The Southwestern Historical Quarterly, Volume 59, July 1955 - April, 1956 Page: 237
RUDOLPH L. BIESELE, Editor
Destruction and Reconstruction: Personal Experiences of the
Late War. By Richard Taylor. Edited by Richard B. Harwell.
New York (Longmans, Green and Co.), 1955. xxxii+38o.
Introduction, index. $7.50.
Destruction and Reconstruction, the memoirs of General Rich-
ard Taylor and therefore autobiographical in nature, was first
published in 1879. This vivid narrative, long out of print and
unobtainable, is now made available to all historians and to Con-
federate enthusiasts. These memoirs abundantly deserved re-
printing because of their contribution to the military history of
the Confederacy, and because of the intimate glimpses the author
gives of men in high places charged with the fate of the South.
This reprint is doubly valuable because of the introduction and
notes by the author.
These delightful memoirs relate the stories of General Dick
Taylor's part in the fighting in Virginia, particularly the Shenan-
doah Valley, the Seven Days around Richmond-Cold Harbor,
Frazier's Farm, Malvern Hill-operations in Louisiana, Vicks-
burg, and the Red River campaign, of definite Texan interest.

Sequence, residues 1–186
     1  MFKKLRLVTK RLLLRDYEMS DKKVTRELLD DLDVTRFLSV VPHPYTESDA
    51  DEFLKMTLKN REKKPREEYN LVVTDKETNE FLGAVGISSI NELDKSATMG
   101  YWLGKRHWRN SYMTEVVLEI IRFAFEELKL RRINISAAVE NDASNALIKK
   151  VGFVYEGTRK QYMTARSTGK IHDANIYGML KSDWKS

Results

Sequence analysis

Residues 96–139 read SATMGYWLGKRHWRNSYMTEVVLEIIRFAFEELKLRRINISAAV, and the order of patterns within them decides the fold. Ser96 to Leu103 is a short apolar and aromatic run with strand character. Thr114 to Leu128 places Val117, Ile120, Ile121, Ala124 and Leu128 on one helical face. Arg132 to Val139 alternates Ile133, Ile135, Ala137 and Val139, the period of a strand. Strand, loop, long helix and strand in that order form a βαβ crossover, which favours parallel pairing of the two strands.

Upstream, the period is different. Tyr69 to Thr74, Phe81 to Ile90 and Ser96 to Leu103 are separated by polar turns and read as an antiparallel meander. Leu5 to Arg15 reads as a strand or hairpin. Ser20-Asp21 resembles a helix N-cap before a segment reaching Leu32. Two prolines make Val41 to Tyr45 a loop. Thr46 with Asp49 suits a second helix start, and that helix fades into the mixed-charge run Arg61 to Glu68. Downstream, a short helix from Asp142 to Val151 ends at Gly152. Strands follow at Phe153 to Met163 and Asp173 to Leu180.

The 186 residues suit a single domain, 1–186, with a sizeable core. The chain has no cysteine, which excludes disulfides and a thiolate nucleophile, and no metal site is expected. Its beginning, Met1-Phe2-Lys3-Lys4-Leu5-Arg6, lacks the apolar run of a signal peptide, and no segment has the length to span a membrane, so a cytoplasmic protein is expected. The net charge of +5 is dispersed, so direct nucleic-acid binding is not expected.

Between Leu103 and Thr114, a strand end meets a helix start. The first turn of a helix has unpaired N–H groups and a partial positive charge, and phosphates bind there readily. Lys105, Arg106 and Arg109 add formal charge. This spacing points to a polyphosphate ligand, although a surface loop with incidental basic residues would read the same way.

After describing the closing operations of the war General Taylor
tells the story of reconstruction, perhaps a more prosaic subject
and certainly told in a more prosaic fashion.
General Taylor was a delegate from Louisiana to the Charleston
Convention in the spring of i86o and participated in the sur-
render to General Canby in 1865 so that it may be said that, as
far as the Confederacy is concerned, "he sat by her cradle and
followed her hearse." In those four tragic years Taylor walked with
the great men of the Confederacy and it is his characterization
of these men, these "candid shots" or "close-ups," which gives his
book its greatest value. One may not always agree with the accuracy
of these views but one must admit that his characterizations are
unsurpassed for terseness, clearness, and acidity. In speaking of
reconstruction under Grant he said that "ignorance and inexperi-
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Texas State Historical Association. The Southwestern Historical Quarterly, Volume 59, July 1955 - April, 1956, periodical, 1956; Austin, Texas. (texashistory.unt.edu/ark:/67531/metapth101162/m1/263/ocr/: accessed July 23, 2016), University of North Texas Libraries, The Portal to Texas History, texashistory.unt.edu; crediting Texas State Historical Association.